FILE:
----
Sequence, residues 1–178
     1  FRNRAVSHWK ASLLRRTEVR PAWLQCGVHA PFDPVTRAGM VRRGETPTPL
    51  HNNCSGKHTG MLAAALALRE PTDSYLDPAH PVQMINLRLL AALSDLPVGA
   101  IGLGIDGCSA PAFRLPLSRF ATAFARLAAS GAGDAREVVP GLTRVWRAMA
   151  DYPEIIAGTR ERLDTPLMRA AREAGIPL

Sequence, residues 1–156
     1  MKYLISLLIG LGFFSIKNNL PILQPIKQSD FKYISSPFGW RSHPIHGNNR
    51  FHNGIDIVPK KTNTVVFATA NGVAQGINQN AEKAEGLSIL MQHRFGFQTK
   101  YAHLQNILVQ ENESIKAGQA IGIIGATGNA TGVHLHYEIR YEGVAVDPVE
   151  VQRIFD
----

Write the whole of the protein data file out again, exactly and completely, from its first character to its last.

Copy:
Sequence, residues 1–178
     1  FRNRAVSHWK ASLLRRTEVR PAWLQCGVHA PFDPVTRAGM VRRGETPTPL
    51  HNNCSGKHTG MLAAALALRE PTDSYLDPAH PVQMINLRLL AALSDLPVGA
   101  IGLGIDGCSA PAFRLPLSRF ATAFARLAAS GAGDAREVVP GLTRVWRAMA
   151  DYPEIIAGTR ERLDTPLMRA AREAGIPL

Sequence, residues 1–156
     1  MKYLISLLIG LGFFSIKNNL PILQPIKQSD FKYISSPFGW RSHPIHGNNR
    51  FHNGIDIVPK KTNTVVFATA NGVAQGINQN AEKAEGLSIL MQHRFGFQTK
   101  YAHLQNILVQ ENESIKAGQA IGIIGATGNA TGVHLHYEIR YEGVAVDPVE
   151  VQRIFD